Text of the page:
GTBank’s challenge of Appeal Court’s judgement in favour of Innoson Motors re-listed for hearing, as Nigeria’s Supreme Court reverses self

The lead judgment, written by Justice Tijani Abubakar but read by Justice Abdu Aboki, held that the apex court was misled by its Registry, which failed to promptly bring to the notice of the panel, that sat on the case on February 27, 2019, that GTB had already filed its appellant’s brief of argument.

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Supreme Court of Nigeria Building: The earlier dismissal of an appeal filed by GTBank against a N2.4 billion judgment given in favour of Innoson Motors Nigeria Limited by the Court of Appeal in Ibadan, Oyo State, has been reversed by the Supreme Court of Nigeria

The earlier dismissal of an appeal filed by GTBank against a N2.4 billion judgment given in favour of Innoson Motors Nigeria Limited by the Court of Appeal in Ibadan, Oyo State, has been reversed by the Supreme Court of Nigeria..

The Supreme Court had on February 27, 2019 dismissed an appeal by GTBank challenging the judgement of the Court of Appeal, sitting in Ibadan, for lack of diligent prosecution.

A Supreme Court panel of five judges led by Justice Olukayode Ariwoola, on Friday, held unanimously that the Supreme Court erred when, in a ruling on February 27, 2019, it dismissed the appeal marked SC/694/2014 filed by GTB.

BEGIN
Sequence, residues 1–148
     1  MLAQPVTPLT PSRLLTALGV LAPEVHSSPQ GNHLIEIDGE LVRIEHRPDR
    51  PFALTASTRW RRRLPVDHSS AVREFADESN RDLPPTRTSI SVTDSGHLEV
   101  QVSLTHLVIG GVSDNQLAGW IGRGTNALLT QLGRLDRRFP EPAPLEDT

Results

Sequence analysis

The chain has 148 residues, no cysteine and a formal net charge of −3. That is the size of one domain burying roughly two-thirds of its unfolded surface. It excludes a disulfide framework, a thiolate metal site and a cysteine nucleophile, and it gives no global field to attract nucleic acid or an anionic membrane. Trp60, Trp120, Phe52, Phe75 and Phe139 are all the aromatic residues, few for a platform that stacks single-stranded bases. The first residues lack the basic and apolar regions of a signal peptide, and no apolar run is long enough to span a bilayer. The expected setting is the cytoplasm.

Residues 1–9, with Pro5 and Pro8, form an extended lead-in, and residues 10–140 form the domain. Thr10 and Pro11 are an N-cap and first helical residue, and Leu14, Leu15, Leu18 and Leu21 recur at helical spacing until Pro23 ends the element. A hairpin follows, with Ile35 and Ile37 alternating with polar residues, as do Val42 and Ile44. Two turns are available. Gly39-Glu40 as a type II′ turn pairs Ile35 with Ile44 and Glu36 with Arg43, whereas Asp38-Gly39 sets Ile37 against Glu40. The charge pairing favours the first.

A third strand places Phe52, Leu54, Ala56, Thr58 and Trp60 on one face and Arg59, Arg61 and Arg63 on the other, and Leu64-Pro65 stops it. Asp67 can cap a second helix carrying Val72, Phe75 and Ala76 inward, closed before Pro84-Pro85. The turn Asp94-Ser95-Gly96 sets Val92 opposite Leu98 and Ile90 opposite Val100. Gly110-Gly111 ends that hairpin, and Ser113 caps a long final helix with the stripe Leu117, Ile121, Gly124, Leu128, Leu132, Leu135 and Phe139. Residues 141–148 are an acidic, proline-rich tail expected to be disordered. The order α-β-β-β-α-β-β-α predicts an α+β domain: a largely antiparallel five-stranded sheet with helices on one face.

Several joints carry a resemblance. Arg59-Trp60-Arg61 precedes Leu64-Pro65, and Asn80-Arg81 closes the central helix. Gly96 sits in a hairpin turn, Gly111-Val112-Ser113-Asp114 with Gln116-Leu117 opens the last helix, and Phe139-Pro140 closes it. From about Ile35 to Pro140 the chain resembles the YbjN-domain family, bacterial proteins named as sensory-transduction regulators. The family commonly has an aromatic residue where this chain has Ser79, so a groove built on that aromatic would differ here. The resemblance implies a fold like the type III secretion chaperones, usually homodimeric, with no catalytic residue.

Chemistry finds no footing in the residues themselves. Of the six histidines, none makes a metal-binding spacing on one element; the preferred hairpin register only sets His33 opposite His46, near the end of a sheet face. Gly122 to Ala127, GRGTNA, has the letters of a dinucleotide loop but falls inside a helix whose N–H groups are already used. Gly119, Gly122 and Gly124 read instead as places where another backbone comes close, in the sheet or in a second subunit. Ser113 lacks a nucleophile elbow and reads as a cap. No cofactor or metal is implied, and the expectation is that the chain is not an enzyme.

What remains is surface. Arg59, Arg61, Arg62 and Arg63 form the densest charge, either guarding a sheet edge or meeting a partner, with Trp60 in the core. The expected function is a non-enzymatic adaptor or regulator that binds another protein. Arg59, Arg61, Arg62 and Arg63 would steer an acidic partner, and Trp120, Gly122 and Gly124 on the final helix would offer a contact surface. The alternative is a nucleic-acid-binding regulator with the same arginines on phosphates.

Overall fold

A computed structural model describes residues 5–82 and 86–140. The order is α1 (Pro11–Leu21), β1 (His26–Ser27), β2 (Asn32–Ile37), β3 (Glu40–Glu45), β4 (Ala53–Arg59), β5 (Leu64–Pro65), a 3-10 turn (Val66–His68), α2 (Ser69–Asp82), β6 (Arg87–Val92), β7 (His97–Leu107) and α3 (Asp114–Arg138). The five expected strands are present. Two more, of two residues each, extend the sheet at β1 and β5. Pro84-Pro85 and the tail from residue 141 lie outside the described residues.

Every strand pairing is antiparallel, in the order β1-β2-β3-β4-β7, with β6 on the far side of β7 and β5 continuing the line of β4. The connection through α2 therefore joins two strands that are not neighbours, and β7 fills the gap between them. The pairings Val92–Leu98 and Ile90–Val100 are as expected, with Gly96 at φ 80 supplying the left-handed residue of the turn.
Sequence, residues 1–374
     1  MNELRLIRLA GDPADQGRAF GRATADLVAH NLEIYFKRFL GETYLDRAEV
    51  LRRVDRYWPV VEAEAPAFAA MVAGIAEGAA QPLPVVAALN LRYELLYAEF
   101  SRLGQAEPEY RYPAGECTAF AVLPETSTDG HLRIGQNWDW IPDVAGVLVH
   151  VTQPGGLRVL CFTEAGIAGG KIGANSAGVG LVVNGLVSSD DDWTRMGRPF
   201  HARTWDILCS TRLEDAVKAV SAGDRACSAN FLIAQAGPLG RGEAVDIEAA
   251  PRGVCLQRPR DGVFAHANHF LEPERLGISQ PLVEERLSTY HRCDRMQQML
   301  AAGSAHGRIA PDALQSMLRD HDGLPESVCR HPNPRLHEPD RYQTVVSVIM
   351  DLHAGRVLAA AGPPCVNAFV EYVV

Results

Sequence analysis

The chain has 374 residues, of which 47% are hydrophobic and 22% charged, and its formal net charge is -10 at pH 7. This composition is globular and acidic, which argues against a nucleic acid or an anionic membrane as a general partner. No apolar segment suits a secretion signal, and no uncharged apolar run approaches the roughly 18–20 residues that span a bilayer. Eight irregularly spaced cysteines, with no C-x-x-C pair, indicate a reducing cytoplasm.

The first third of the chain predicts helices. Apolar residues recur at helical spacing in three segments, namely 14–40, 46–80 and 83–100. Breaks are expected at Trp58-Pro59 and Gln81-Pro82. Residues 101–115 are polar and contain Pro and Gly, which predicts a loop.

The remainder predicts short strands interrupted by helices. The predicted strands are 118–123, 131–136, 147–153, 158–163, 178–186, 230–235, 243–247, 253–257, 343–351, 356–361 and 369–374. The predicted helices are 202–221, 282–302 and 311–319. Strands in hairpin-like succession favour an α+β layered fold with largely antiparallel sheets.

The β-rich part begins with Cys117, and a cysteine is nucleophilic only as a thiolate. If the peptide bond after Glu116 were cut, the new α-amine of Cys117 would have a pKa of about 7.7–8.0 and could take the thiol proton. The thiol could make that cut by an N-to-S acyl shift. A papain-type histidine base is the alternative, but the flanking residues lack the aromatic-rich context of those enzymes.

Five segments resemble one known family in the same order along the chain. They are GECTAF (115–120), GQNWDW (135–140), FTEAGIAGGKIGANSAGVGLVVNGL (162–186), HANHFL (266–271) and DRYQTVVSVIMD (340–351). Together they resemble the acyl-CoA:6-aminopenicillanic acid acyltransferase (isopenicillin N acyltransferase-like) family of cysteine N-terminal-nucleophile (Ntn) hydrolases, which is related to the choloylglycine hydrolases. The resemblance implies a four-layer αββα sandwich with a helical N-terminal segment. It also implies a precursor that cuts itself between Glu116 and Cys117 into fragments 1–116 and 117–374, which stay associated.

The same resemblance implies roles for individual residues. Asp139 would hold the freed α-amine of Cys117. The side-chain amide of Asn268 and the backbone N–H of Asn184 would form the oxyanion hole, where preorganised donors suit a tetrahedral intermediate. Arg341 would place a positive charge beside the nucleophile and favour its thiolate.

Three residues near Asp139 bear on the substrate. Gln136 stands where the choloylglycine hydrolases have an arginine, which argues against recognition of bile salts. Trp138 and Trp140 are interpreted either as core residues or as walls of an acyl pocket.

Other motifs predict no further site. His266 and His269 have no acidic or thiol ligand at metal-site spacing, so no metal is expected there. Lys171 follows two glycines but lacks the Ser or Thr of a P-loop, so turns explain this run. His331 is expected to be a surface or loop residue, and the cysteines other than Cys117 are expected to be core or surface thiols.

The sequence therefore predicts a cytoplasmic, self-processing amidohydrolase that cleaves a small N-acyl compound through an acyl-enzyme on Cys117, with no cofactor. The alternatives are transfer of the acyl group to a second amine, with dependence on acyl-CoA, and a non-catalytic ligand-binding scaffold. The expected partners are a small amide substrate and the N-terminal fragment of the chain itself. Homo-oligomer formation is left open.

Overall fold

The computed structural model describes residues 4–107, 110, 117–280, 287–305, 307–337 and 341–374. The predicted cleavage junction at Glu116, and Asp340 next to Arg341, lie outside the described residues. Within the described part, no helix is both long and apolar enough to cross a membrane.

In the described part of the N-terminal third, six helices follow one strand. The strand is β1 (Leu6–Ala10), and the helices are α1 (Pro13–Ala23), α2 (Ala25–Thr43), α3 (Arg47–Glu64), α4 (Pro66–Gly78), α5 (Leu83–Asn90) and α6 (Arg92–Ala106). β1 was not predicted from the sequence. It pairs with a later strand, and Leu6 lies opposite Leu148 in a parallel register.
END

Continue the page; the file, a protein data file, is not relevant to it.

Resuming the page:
The lead judgment, written by Justice Tijani Abubakar but read by Justice Abdu Aboki, held that the Supreme court was misled by its Registry, which failed to promptly bring to the notice of the panel, that sat on the case on February 27, 2019, that GTB had already filed its appellant’s brief of argument.

GTB had applied to the Supreme Court to re-list the appeal on the grounds that it was wrongly dismissed.

Relying on Order 8 Rule 16 of the Supreme Court’s Rules, Justice Abubakar, in the lead judgment, held that the apex court has the power to set aside its decision in certain circumstances, like any other court.

The circumstances, Justice Abubakar noted, include where there is any reason to do so, where any of the parties obtained judgment by fraud or deceit, where such a decision is a nullity or where it is obvious that the court was misled into giving a decision

The learned jurist held that the circumstances of the GTB case fell into the category of the rare cases where the Supreme Court could amend or alter its own order on the grounds that the said order or judgment did not present what it intended to record. 

“I am convinced that at the material time that the appellant’s appeal was inadvertently dismissed by this court, there was a valid and subsisting brief of argument filed by the applicant. It will be unjust to visit the sin of the court’s Registry on an innocent, vigilant, proactive and diligent litigant. 

“The order dismissing the appeal was, therefore, made in error. It ought not to have been made, if all materials were disclosed. The application is, therefore, meritorious and hereby succeeds,” he said.

In setting aside the Supreme Court’s ruling of February 27, 2019 dismissing GTB’s appeal, the court ordered that the appeal marked 694/2014 be re-listed “to constitute an integral part of the business of this court until its hearing and determination on the merit.”

UBA, Fidelity an, GTB, FCMB, Access an pay N1.4bn fine…

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